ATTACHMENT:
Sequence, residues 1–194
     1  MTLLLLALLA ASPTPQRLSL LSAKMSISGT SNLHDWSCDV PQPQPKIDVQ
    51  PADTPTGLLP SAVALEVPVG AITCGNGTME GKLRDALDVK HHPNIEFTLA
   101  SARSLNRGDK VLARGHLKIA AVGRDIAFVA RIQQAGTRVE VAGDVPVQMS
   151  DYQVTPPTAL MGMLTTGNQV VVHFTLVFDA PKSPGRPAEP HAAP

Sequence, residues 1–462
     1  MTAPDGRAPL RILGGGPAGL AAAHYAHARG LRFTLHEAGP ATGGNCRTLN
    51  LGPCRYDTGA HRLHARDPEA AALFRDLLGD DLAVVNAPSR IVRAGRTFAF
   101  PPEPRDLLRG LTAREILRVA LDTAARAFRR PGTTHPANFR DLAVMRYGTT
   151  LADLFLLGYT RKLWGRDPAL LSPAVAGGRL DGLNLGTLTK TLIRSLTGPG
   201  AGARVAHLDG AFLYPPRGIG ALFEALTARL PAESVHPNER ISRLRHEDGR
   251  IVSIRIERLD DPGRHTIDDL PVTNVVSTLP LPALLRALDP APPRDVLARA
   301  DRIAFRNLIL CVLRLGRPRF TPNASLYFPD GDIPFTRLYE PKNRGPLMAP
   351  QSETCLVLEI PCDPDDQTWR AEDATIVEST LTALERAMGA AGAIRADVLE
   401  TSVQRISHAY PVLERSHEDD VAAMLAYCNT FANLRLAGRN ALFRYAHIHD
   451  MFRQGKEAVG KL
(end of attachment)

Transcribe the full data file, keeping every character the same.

Sequence, residues 1–194
     1  MTLLLLALLA ASPTPQRLSL LSAKMSISGT SNLHDWSCDV PQPQPKIDVQ
    51  PADTPTGLLP SAVALEVPVG AITCGNGTME GKLRDALDVK HHPNIEFTLA
   101  SARSLNRGDK VLARGHLKIA AVGRDIAFVA RIQQAGTRVE VAGDVPVQMS
   151  DYQVTPPTAL MGMLTTGNQV VVHFTLVFDA PKSPGRPAEP HAAP

Sequence, residues 1–462
     1  MTAPDGRAPL RILGGGPAGL AAAHYAHARG LRFTLHEAGP ATGGNCRTLN
    51  LGPCRYDTGA HRLHARDPEA AALFRDLLGD DLAVVNAPSR IVRAGRTFAF
   101  PPEPRDLLRG LTAREILRVA LDTAARAFRR PGTTHPANFR DLAVMRYGTT
   151  LADLFLLGYT RKLWGRDPAL LSPAVAGGRL DGLNLGTLTK TLIRSLTGPG
   201  AGARVAHLDG AFLYPPRGIG ALFEALTARL PAESVHPNER ISRLRHEDGR
   251  IVSIRIERLD DPGRHTIDDL PVTNVVSTLP LPALLRALDP APPRDVLARA
   301  DRIAFRNLIL CVLRLGRPRF TPNASLYFPD GDIPFTRLYE PKNRGPLMAP
   351  QSETCLVLEI PCDPDDQTWR AEDATIVEST LTALERAMGA AGAIRADVLE
   401  TSVQRISHAY PVLERSHEDD VAAMLAYCNT FANLRLAGRN ALFRYAHIHD
   451  MFRQGKEAVG KL